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The Enlightenment of the Greengage Tree (Shokoofeh Azar, Wild Dingo Press)

A reimagining of the 1979 Islamic Revolution and its aftermath, Shokoofeh Azar’s The Enlightenment of the Greengage Tree expertly traces the travails of a family of five during one of the most turbulent times in Iran’s political history. Elements of magic realism that appear in the form of portentous dragonflies, forest jinns and mermaids suffuse the narrative and dictate the fate of the characters in a way that stands in stark contrast to the material circumstances that alter their lives—the desecration of Western-influenced cultural materials, the merciless interrogations, and the mass executions of political prisoners. In Azar’s mystical world, a sense of justice that was impossible in real life is conjured through the fictionalised end of Ayatollah Khomeini, who dies alone on the verge of losing his mind in a mirrored underground palace, haunted by the dead’s tears. Footnotes that reference factual historical events and descriptions of Persian culture give the novel verisimilitude. This is Perth-based Azar’s first novel to be translated into English and will appeal to readers of historical fiction and magic realism. It recalls The Lovely Bones, which utilises the perspective of an omniscient child narrator to great effect, and Life of Pi, which adroitly obscures fact with fiction.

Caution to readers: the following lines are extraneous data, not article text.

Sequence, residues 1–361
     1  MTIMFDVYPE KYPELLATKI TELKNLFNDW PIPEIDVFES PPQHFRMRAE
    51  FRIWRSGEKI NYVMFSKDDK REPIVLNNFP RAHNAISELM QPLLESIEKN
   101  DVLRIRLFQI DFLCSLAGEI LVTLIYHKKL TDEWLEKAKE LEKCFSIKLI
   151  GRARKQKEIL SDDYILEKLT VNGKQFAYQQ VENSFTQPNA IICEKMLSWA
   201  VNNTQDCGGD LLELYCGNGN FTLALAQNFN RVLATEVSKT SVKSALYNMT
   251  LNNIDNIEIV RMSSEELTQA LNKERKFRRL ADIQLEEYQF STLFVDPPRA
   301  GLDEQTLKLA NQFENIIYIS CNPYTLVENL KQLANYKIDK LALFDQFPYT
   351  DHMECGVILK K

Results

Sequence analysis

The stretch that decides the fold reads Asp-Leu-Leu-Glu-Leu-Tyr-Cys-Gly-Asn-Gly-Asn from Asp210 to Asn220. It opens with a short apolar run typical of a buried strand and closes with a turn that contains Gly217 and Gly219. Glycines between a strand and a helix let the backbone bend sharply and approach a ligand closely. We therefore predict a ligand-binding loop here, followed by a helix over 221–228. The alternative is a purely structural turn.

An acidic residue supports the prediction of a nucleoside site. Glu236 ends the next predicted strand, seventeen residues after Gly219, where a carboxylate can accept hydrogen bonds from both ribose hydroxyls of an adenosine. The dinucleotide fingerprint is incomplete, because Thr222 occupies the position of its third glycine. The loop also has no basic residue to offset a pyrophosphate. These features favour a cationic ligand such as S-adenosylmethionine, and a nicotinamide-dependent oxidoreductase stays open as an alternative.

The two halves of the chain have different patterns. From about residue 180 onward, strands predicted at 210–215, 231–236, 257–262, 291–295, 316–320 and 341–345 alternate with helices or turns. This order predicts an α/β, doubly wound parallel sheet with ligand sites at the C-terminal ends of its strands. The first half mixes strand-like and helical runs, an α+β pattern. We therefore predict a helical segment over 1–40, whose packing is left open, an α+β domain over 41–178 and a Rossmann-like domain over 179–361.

Sonia Nair is a Melbourne-based writer and critic


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